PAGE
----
Re: Multiprocessing: killing children when parent dies

Discussion in 'Python' started by Chris Angelico, Dec 2, 2011.

  1. On Sat, Dec 3, 2011 at 2:05 AM, Mihai Badoiu <> wrote:
    > In the multiprocessing module, on a Process p, by just doing p.daemon=1
    > before p.start(), we can make the child die when the parent exits.  However,
    > the child does not die if the parent gets killed.
    > How can I make sure the child die when the parent gets killed?


    Are you in control of the killing of the parent? One easy way would be
    to catch the signal (say SIGINT) and initiate an orderly shutdown,
    signalling the children first.

    ChrisA
     
    Chris Angelico, Dec 2, 2011
    #1
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  2. On Friday, December 2, 2011 11:13:34 PM UTC+8, Chris Angelico wrote:
    > On Sat, Dec 3, 2011 at 2:05 AM, Mihai Badoiu <> wrote:
    > > In the multiprocessing module, on a Process p, by just doing p.daemon=1
    > > before p.start(), we can make the child die when the parent exits.  However,
    > > the child does not die if the parent gets killed.
    > > How can I make sure the child die when the parent gets killed?

    >
    > Are you in control of the killing of the parent? One easy way would be
    > to catch the signal (say SIGINT) and initiate an orderly shutdown,
    > signalling the children first.
    >
    > ChrisA


    Multiple thread supporting programming languages in true OOP as Erlang andPython do not talk about POSIX signals.
     
    88888 Dihedral, Dec 2, 2011
    #2
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  3. On Friday, December 2, 2011 11:13:34 PM UTC+8, Chris Angelico wrote:
    > On Sat, Dec 3, 2011 at 2:05 AM, Mihai Badoiu <> wrote:
    > > In the multiprocessing module, on a Process p, by just doing p.daemon=1
    > > before p.start(), we can make the child die when the parent exits.  However,
    > > the child does not die if the parent gets killed.
    > > How can I make sure the child die when the parent gets killed?

    >
    > Are you in control of the killing of the parent? One easy way would be
    > to catch the signal (say SIGINT) and initiate an orderly shutdown,
    > signalling the children first.
    >
    > ChrisA


    Multiple thread supporting programming languages in true OOP as Erlang andPython do not talk about POSIX signals.
     
    88888 Dihedral, Dec 2, 2011
    #3
  4. On Sat, Dec 3, 2011 at 2:57 AM, 88888 Dihedral
    <> wrote:
    > Multiple thread supporting programming languages  in true OOP as Erlangand Python do not talk about POSIX signals.


    The OP talked about multiprocessing. Each thread of execution is a
    separate context, and can receive signals.

    ChrisA
     
    Chris Angelico, Dec 2, 2011
    #4
  5. Please check Erlang that spawn so easily. And there are Python packages can do the same task.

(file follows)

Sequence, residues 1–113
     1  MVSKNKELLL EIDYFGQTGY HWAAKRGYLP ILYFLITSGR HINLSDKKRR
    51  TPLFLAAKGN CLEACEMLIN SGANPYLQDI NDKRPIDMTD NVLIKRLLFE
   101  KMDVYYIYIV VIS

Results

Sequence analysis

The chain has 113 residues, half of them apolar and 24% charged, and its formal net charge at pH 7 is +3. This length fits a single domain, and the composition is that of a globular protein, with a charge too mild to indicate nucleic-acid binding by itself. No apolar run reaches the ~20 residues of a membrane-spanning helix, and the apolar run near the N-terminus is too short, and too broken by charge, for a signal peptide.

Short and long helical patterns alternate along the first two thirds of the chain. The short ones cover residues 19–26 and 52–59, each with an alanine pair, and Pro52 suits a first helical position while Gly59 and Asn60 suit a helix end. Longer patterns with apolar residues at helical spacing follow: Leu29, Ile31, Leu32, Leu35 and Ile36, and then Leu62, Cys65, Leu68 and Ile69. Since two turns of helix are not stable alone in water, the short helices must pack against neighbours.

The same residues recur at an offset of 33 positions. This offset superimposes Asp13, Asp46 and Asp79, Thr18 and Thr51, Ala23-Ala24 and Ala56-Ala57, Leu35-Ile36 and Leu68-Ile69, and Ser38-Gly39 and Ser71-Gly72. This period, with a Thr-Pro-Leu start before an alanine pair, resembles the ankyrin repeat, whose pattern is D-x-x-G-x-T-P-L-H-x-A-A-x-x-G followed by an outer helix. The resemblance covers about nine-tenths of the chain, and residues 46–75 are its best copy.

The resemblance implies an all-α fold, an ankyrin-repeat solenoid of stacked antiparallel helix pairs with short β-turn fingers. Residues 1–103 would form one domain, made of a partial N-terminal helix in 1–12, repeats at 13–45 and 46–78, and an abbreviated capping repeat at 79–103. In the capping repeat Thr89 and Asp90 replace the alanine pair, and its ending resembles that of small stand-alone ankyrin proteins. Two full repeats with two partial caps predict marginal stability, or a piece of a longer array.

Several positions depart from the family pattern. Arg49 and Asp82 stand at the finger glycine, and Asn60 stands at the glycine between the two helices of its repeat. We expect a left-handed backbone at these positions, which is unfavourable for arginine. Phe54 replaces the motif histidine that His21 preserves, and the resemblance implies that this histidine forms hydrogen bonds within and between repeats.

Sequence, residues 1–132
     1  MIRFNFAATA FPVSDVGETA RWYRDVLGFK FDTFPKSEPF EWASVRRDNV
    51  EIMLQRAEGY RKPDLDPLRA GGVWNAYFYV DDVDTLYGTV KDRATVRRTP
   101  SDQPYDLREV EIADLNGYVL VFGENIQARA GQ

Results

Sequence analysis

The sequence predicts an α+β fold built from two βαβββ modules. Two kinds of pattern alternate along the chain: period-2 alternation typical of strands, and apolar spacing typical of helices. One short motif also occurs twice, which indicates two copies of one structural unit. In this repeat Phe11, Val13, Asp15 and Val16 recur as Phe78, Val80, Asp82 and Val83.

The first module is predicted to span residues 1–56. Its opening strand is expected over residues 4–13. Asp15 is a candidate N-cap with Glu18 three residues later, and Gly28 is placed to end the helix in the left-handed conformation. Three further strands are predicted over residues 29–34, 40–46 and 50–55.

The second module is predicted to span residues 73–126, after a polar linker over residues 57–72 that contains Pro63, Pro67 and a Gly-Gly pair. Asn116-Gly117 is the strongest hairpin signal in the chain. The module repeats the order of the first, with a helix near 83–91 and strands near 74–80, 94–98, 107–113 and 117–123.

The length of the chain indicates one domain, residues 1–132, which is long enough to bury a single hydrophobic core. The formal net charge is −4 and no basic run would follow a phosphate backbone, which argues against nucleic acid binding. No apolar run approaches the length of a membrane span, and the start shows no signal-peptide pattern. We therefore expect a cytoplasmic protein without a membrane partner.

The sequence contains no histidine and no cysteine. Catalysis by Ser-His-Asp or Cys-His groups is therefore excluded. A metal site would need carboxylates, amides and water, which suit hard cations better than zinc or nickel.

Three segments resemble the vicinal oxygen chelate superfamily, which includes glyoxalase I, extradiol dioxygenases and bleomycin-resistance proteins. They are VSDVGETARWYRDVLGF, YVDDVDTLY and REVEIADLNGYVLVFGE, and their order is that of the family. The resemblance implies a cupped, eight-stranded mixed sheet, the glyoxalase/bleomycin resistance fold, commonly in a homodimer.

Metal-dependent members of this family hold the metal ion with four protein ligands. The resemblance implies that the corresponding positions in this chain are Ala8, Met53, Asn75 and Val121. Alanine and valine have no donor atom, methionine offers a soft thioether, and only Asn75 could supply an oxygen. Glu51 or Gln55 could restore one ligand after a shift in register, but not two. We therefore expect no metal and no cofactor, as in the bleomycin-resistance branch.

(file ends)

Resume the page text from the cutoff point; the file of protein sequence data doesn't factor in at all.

88888 Dihedral, Dec 2, 2011
    #5
  6. Please check Erlang that spawn so easily. And there are Python packages can do the same task.
     
    88888 Dihedral, Dec 2, 2011
    #6
  7. On 12/7/11, Mihai Badoiu <> wrote:
    > ok, so the code is something like
    > #process A
    > p = Process(...)
    > p.daemon = 1
    > p.start() # starts process B
    > ...
    >
    > If process A dies (say error, or ctrl-c), or finishes, then process B also
    > dies. But if process A is killed with the "kill" command, then process B
    > soldiers on...
    >
    > Any idea on how to make process B die when process A gets killed by the
    > "kill" command?


    1) If all you care about is SIGTERM, SIGHUP and the like (and
    specifically NOT SIGKILL), you could just install a signal handler
    that catches any catchable signals you're interested in. Then the
    signal either kills the children directly, or sets a flag that tells
    the main process to do some killing shortly. Note that threads and
    signal handlers don't mix very well - the combination tends to make
    the main thread immune to control-C, whether you want it to be or not.
    Also, signal handlers tend to complicate performing I/O, as you're
    more likely to read short blocks.

    2) If you need to handle SIGKILL gracefully, and you have access to
    the code of the child process, you could make sure that the child
    isn't setting a SID (?). ssh, I believe, likes to start a new SID,
    making it immune to signals to the parent. Alternatively, you could
    add something to the child process' main loop that polls the parent,
    exiting if the parent no longer exists.

    3) If you need to handle SIGKILL gracefully, and you don't have access
    to the code of the child process, you could use a single extra process
    that checks for the presense of the parent, and if it doesn't exist
    any more, then kill the children before exiting itself.
     
    Dan Stromberg, Dec 7, 2011
    #7
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